Faculty Notes | Summer 2021

Amber Barnato, MD, MPH, MS, the Susan J. and Richard M. Levy 1960 Distinguished Professor in Health Care Delivery, was named the new director of The Dartmouth Institute for Health Policy and Clinical Practice (TDI). 

Barnato, who is acclaimed for her research on medical decision making for patients with serious illnesses, will lead a diverse group of scholars, researchers, clinicians, students, and administrators as they strive to advance TDI’s mission of working in partnership with individuals and organizations locally, nationally, and internationally to improve population health, reduce disparities, and create high-performing, sustainable health systems. 

Mary F. Brunette, MD, a professor of psychiatry, of community and family medicine, and of The Dartmouth Institute for Health Policy and Clinical Practice at Geisel School of Medicine was named Mental Health Professional of the Year by the New Hampshire chapter of the National Alliance on Mental Illness 

Her research focuses on better understanding the causes of addiction in vulnerable, complex populations, and to develop effective treatment interventions for addiction in these groups by using a translational science approach that includes basic science, patient-oriented treatment, and population-based studies. 

Ta-Yuan (T.Y.) Chang, PhD, a professor of biochemistry and cell biology, was elected to the National Academy of Sciences, one of the country’s premier scientific societies. Election to the National Academy of Sciences recognizes distinguished and continuing achievements in original research.  

Chang joined the faculty at Dartmouth’s medical school in 1976 and has long been engaged in basic and translational research—using biochemistry, cell and molecular biology, nanotechnology, medicinal chemistry, and mouse models as investigative tools—to better understand cholesterol homeostasis, a fundamental process that plays an important role in health and in diseases. In 1993 he and his team, including his wife and fellow researcher for more than 40 years, Catherine Chung-Yao Chang, discovered ACAT1, a gene-encoding enzyme that controls how cholesterol is stored in cells and whose molecular identity had eluded researchers for more than 35 years.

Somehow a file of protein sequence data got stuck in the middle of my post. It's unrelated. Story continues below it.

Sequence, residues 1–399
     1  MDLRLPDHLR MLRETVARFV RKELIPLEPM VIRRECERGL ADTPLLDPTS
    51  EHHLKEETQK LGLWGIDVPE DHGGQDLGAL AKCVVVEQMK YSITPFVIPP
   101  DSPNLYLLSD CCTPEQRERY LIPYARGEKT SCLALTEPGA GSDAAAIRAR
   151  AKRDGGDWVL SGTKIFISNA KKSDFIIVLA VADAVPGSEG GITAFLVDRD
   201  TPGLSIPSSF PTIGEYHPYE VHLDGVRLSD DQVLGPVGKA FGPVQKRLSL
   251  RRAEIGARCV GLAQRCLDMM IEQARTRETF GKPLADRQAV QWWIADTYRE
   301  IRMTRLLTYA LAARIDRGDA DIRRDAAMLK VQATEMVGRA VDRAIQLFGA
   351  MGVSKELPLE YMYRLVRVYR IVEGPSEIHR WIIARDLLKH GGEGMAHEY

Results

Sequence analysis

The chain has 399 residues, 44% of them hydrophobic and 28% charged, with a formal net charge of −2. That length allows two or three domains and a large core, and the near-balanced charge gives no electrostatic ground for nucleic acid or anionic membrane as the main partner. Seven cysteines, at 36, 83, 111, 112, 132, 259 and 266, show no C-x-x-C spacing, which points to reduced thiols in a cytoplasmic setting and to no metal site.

Sonia Nagy Chimienti, MD, an infectious disease specialist was named Senior Associate Dean for Medical Education (SADME). She brings a wealth of experience in student affairs, medical education leadership, education policy development and oversight, and interprofessional program development to Geisel. 

Chimienti will lead the Undergraduate Medical Education (UME) program at Geisel in addition to managing the UME Affairs Office, the SADME is also responsible for oversight of other UME offices and programs, including Admissions, Financial Aid, Student Affairs, Student Services, dual degree programs, the anatomical gift program, and biomedical libraries. She will also coordinate activities with other medical education leadership at Geisel and Dartmouth-Hitchcock, as well as lead the school’s efforts to maintain compliance with the Liaison Committee for Medical Education accreditation standards. 

Aaron McKenna, PhD, an assistant professor of molecular and systems biology, was selected as a Pew Scholar in the Biomedical Sciences by the Pew Charitable Trusts. He is one of 22 young scientists nationwide awarded this honor. 

The Pew Scholars Program in the Biomedical Sciences provides funding to young investigators of outstanding promise in science relevant to the advancement of human health. McKenna was selected from among 198 nominations submitted by leading U.S. academic and research institutions to receive four-year grants to invest in exploratory research.  

A $300,000 award from Pew will allow McKenna to accelerate his efforts to map the genetic evolution of cancer cells as they proliferate and spread, particularly in breast cancer. 

Laura J. Tafe, MD, associate professor of pathology and laboratory medicine and assistant director of the Center for Clinical Genomics and Advanced Technologies at Dartmouth-Hitchcock Medical Center (DHMC), has been elected the president-elect of the Association for Molecular Pathology (AMP). Her term begins in fall of 2022.